2. Can I depend on you? 

This question is also transactional but more proactive. Do you step up when you see a need, or do you wait for your co-workers to ask for help? Do you anticipate the needs of others? Are you proactively checking in on your team members?

How to get a “yes”:

  • Share online calendars. This simple action can quickly allow your virtual team to see what is going on for others and enable them to proactively look for opportunities to help one another. This creates a shared understanding of the workload and how urgently help may be needed. This also allows others to know when it is a good time to call, send an IM, or reach out just to check in.
  • Check in with others to see if you can help. I recently called one of my colleagues and found her in tears. She was having a “worst.week.ever” moment, and I would never have known if I hadn’t picked up the phone and called her. I was able to listen and also find out how I could help. This unexpected call changed her day, and it changed the nature of our relationship. One of the aspects of having an Ally Mindset is to show Abundance and Generosity to others. Simply offering your time (even when you don’t feel like you have it all together yourself) demonstrates that you truly believe there is enough time for everyone on the team to be successful.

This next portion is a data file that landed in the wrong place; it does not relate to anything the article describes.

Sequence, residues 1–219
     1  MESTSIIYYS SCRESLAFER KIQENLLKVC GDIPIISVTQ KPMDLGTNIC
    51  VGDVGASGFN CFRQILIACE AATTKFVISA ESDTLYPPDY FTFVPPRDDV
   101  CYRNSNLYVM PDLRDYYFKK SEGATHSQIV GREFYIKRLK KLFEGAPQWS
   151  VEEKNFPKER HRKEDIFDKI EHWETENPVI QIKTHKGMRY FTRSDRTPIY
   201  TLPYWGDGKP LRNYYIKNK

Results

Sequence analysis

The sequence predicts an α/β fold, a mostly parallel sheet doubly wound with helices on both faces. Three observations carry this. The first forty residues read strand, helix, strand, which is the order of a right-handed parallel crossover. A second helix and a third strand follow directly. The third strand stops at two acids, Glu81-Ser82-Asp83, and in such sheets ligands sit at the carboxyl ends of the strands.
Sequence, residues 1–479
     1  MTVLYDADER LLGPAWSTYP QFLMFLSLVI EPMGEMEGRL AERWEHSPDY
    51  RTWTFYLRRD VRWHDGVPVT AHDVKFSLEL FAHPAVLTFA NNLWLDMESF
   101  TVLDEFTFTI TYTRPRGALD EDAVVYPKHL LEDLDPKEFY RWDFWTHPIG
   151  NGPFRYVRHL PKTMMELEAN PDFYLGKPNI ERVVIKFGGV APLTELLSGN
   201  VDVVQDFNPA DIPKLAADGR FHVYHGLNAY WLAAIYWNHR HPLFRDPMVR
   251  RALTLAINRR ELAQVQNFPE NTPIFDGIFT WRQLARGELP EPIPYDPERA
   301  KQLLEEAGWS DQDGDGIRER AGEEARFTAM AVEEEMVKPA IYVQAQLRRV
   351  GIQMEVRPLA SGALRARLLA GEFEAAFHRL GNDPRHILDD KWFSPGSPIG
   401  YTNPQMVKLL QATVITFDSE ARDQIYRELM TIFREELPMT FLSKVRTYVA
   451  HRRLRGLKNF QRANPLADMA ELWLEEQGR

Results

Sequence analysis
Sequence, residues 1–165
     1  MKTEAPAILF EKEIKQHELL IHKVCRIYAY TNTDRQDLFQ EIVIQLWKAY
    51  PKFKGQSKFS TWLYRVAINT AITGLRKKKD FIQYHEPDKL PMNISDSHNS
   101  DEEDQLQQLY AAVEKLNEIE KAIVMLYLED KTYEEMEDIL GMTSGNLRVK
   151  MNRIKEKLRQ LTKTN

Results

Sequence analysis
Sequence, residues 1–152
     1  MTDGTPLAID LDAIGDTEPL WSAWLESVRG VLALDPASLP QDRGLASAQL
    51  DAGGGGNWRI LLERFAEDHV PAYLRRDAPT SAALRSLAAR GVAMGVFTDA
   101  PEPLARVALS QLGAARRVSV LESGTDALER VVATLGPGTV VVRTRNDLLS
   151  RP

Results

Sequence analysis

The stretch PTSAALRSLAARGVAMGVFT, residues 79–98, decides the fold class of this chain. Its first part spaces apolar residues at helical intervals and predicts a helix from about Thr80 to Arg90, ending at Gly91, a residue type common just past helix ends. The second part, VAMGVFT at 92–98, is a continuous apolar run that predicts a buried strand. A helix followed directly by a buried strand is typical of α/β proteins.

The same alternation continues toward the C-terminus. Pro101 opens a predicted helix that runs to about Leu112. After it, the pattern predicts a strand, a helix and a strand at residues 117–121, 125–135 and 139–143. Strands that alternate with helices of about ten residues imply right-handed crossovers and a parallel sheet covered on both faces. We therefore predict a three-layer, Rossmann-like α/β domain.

• Flip side: Ask for help! Give others the opportunity to be there for you. If you don’t ever ask for help, others will assume you don’t need it – which keeps you in a downward spiral (especially if you really do need help!). There is nothing worse than sitting in your office (now your house) alone freaking out about something and not being able to talk to anyone about it. There have been many times that I’ve worried about a problem for hours and then finally break down and “phone a friend” who helps me figure it out in a matter of minutes. Allowing others to help you is hard, but builds connection and depth in relationships in a very special way.